Research has shown that spending time in nature is good for the mind and the body and helps reduce stress (source). The combination of exercise, fresh air, and disconnection from technology (in a good way) help to relieve the mind of stress.
In one Dutch study, two groups performed a stressful task. After completing the task, one group was sent to garden and the other read a book indoors. The group that went gardening had measurably lower levels of the stress hormone cortisol. Amazing!
Improved Heart Health
Although more research is needed, researchers have found that simply being in a forest can improve the health of your heart (and mood). In this study, one group (the control group) went for a walk in an urban environment. The other group went for a walk in the woods.
No big surprise, the group that went for a walk in the woods had improved physiological markers. Their heart rate, blood pressure, and heart rate variability were all better than the control group. Both groups also filled out a questionnaire, and the ‘walk-in-the-woods’ group’s answers indicated lower stress overall.
Improved Brain function
In this study of children with ADHD, the researchers found that the attention of children that spent time in a natural setting improved. Just twenty minutes in a natural setting (a park) was enough to improve their attention performance compared to the control group.
But wait, there’s more! In adults, studies have found that just seeing a bit of nature can improve your focus and productivity. Going for a walk in an urban park, or better yet, in the backcountry, has even better effects. Your mood will improve, your concentration will increase, and, most importantly for some people, your overall stress will be reduced.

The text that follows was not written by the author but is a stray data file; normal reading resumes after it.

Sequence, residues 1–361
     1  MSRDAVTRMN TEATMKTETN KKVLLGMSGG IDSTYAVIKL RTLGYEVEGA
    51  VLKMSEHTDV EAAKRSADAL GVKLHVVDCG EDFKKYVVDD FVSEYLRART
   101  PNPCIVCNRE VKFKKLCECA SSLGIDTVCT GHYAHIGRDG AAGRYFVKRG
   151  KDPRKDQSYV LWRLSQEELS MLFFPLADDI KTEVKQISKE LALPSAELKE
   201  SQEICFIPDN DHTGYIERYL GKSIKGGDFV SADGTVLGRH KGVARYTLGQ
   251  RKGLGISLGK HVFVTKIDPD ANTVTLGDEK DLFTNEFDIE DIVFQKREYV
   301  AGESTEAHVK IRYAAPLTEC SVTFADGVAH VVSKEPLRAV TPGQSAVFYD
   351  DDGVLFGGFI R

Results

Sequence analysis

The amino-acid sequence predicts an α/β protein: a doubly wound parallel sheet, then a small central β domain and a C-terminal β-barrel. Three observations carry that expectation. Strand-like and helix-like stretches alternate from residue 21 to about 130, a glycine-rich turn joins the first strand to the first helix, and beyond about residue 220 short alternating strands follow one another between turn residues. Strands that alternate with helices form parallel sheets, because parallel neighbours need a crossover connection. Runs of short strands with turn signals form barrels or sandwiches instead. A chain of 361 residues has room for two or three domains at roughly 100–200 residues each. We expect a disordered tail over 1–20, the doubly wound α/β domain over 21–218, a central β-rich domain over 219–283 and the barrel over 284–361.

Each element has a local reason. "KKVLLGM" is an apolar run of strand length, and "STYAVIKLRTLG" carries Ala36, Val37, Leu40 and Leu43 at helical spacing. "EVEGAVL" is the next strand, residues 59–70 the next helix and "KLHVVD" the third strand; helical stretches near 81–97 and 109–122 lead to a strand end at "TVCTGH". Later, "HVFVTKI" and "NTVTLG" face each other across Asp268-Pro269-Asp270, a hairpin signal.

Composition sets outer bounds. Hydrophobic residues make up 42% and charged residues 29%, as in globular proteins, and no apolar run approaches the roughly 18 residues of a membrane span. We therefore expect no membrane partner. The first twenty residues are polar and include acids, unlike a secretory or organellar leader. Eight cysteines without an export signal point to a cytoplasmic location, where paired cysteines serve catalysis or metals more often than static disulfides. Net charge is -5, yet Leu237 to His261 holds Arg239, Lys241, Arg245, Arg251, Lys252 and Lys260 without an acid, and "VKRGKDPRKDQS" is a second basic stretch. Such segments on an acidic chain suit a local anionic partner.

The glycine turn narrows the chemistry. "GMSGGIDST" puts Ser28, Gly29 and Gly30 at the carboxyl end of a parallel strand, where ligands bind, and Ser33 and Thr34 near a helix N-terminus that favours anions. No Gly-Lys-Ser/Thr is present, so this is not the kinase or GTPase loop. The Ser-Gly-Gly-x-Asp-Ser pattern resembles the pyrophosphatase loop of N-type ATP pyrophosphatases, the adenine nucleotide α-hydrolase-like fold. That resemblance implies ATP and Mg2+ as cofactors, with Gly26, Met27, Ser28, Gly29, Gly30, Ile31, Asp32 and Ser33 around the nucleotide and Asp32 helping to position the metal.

Fight Cancer Like a Pro (Improved Immune Function)
Researchers found that nature can help protect you from a wide variety of diseases, including depression, diabetes, obesity, etc. It looks like it’s all related to the natural environment improving immune function. In another study, the results showed that exposure to nature increased the production of anti-cancer proteins. The effects lasted long after the trip to the backcountry, too, so there are lasting benefits.
Exposure to nature improves immune system function in otherwise healthy people, increasing the production of natural killer cells, an important part of our defense against viruses and cancer.
It’s a Lot of Fun!
Last but not least, it’s a lot of fun to simply get outside and enjoy nature, summer or winter. Even if you’re only able to go for a stroll through a park in the city during your lunch break, that is much better than nothing. So grab some friends, your dog, or borrow a dog and get out to the mountains or the forest! Your mind and body will thank you.
3 thoughts on “10 Reasons to Get Outside and Explore the Backcountry”
This article is fantastic! If you can just find a way to get every kid under 18 to read it, things may be much better in the world.
I completely agree with your 10 reasons, at a minimum.
When I was growing up, we were always outside. I love the outdoors.
I have had a vitamin D deficiency and now I make sure to get some sun every day.
Thank you for a great article!
all very greats reasons! we spend too much time on our bums and staring at screens… even while i’m travelling..i try to look with my eyes and not a cam or phone..
So true…I find that on vacation it’s sometimes tough to balance seeing and experiencing things first hand with capturing the moment to share with others. That’s why it’s a good idea to travel with someone that loves taking pictures 🙂